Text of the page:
Enteral Vancomycin Controls Methicillin-resistant : A 9-Year Prospective StudyStaphylococcus Aureus: A 9-Year Prospective Study Endemicity in an Intensive Care Burn Unit: A 9-Year Prospective Study

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Abstract

Objective:

The aim of this study was to assess the efficacy and safety of enteral vancomycin in controlling MRSA endemicity in an intensive care burn unit.

Summary Background Data:

MRSA is a serious clinical and epidemiologic problem. It is not uncommon that the traditional maneuvers, detection and isolation of carriers, fail to control endemicity due to MRSA.

Methods:

All patients admitted to an Intensive Care Burn unit from January 1995 to February 2004 have been included in this prospective cohort study comprised 2 different periods. During period 1 (January 1995 to January 2000), barrier and isolation measures were enforced. During period 2 (February 2000 to February 2004), patients received enteral vancomycin 4 times daily in addition to selective digestive decontamination.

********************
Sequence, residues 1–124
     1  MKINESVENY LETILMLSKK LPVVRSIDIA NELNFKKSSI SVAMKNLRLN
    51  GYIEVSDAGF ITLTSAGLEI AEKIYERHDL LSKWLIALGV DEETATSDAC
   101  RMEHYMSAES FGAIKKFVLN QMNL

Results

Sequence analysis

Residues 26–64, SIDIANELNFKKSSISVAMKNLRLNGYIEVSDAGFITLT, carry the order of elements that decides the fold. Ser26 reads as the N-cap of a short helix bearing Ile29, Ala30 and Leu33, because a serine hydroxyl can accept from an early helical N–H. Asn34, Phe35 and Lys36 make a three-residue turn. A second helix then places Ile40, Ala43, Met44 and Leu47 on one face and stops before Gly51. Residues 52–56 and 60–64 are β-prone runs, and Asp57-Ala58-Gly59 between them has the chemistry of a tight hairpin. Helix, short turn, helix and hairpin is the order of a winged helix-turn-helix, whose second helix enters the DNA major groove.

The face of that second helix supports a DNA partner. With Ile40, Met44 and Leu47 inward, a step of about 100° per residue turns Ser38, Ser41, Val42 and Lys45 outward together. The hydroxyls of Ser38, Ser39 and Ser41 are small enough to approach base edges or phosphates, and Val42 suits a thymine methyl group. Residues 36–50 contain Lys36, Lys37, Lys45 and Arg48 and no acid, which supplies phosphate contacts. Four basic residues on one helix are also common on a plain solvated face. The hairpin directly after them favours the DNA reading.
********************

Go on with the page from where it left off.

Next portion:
Results:

A total of 777 patients were enrolled into the study: 402 in period 1, and 375 in period 2. There were no significant differences in the characteristics of patients between the 2 periods, except for the total body surface burned area, 30.3% in period 1 and 25.61% in period 2 (P = 0.009). There was a significant reduction in the incidence of patients who acquired MRSA from 115 in period 1 to 25 in period 2 (RR, 0.22; 95% confidence interval [CI], 0.15–0.34). Similar reductions were observed in the number of patients with wound (RR, 0.20; 95% CI, 0.12–0.32), blood (RR, 0.13; 95% CI, 0.04–0.35), and tracheal aspirate (RR, 0.07; 95% CI, 0.03–0.19), samples positive for MRSA. There was no emergence of either vancomycin-resistant enterococci or Staphylococcus aureus with intermediate sensitivity to glycopeptides in period 2.

Conclusions:

Enteral vancomycin is an effective and safe method to control MRSA in intensive care burn units without VRE.

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